The NIA Interventions Testing Program (ITP) is a very conservative organization. The organizers take compounds that cannot possibly do more than slightly slow aging, largely those that upregulate stress response mechanisms in a similar way to calorie restriction, and rigorously test them in large mouse studies. The results are of the best quality, and tend to demonstrate that most earlier, less rigorous studies overestimated the effects of compounds on life span. This is an expensive business, but I would say one of dubious practical value.
The practice of calorie restriction shows us the likely bounds of the possible when it comes to upregulating stress responses in humans. It is not the road to large increases in human life span; calorie restriction, while improving health noticeable, doesn't add more than a few years to life span in our species. This is despite extending mouse life span by up to 40%. Upregulation of stress responses has evolved to have a much larger effect on life span in short-lived species. So when we see results in mice on the order of 5% extension of life span in the ITP study noted here, one can expect it to have absolutely no detectable result at all in humans.
The NIA Interventions Testing Program (ITP) has to date reported on four drugs with consistent major effects on mouse lifespan in one or both sexes and found evidence for significant but less dramatic effect of four other drugs. Rapamycin, started at 9 months of age, was found to increase median lifespan by as much as 26% in females and 23% in males. Acarbose can lead to an increase of 22% in median lifespan in male mice, and to a significant, but smaller, 5% increase in female mice. A third drug, 17-α-estradiol (17aE2), a nonfeminizing congener of the well-known estrogen 17-β-estradiol, increases lifespan of male mice by 19%. Lastly, NDGA (nordihydroguaiaretic acid) has been shown to increase lifespan of male mice only, with an increase of 12% in median lifespan. Of the other agents tested so far by the ITP, four (methylene blue, aspirin, Protandim, and green tea extract [GTE]) provided some evidence for possible health benefits.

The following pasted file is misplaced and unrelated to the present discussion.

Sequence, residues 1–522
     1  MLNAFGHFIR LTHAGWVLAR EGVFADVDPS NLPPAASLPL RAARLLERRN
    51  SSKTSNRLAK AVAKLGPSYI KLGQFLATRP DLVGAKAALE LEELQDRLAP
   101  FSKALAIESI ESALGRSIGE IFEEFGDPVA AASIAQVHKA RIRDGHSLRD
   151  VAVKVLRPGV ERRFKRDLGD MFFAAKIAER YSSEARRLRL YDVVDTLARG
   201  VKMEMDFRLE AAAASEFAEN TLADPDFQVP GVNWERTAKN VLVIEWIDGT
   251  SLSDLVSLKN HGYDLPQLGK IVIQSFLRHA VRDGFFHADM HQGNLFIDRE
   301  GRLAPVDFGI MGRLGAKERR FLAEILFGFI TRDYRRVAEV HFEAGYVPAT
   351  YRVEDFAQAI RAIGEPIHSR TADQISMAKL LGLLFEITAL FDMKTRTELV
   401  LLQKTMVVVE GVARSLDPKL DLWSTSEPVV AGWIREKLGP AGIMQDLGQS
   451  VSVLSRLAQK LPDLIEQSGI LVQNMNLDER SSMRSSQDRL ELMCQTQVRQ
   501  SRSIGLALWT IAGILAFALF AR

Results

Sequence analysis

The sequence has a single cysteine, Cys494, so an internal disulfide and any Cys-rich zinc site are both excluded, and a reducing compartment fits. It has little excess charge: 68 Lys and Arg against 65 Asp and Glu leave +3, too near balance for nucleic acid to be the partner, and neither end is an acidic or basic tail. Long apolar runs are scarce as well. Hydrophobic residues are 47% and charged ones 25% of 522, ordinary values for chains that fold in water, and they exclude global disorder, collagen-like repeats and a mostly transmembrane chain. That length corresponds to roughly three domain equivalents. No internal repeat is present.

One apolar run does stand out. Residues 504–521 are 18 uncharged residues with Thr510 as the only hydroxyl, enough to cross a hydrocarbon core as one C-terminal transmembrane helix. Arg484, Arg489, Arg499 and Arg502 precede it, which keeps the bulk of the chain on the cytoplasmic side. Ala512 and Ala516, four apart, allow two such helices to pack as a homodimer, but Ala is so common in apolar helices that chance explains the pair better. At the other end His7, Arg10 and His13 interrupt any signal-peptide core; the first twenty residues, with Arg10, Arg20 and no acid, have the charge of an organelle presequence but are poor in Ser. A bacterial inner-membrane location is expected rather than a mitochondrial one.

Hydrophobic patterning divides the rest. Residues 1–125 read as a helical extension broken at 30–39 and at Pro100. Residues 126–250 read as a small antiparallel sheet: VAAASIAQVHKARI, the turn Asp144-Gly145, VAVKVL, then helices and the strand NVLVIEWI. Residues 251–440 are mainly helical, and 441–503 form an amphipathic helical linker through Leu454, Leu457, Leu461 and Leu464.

Diets low in the amino acid methionine have been shown to extend median and maximum lifespan in rats. Glycine plays a special role in methionine metabolism, serving as the only acceptor for methyl groups, through action of glycine-N-methyl transferase (GNMT), the key enzyme in the only pathway for methionine clearance in mammals. Methionine toxicity can be blocked by dietary glycine, consistent with the notion that GNMT is the principal effector of methionine clearance, at least at toxic levels. These data suggest that excess dietary glycine might depress methionine levels and thus mimic some of the benefits of a low methionine diet.
We therefore evaluated the effects of an 8% glycine diet on lifespan and pathology of genetically heterogeneous mice in the context of the Interventions Testing Program. Elevated glycine led to a small (4%-6%) but statistically significant lifespan increase, as well as an increase in maximum lifespan, in both males and females. Pooling across sex, glycine increased lifespan at each of the three independent test sites. Glycine-supplemented females were lighter than controls, but there was no effect on weight in males.